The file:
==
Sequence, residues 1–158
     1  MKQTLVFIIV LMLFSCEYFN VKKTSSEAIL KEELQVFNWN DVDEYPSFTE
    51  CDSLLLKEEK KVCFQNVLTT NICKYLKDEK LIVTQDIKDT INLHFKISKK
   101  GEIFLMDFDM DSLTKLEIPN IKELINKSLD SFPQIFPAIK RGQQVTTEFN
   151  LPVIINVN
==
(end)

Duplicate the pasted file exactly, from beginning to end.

Sequence, residues 1–158
     1  MKQTLVFIIV LMLFSCEYFN VKKTSSEAIL KEELQVFNWN DVDEYPSFTE
    51  CDSLLLKEEK KVCFQNVLTT NICKYLKDEK LIVTQDIKDT INLHFKISKK
   101  GEIFLMDFDM DSLTKLEIPN IKELINKSLD SFPQIFPAIK RGQQVTTEFN
   151  LPVIINVN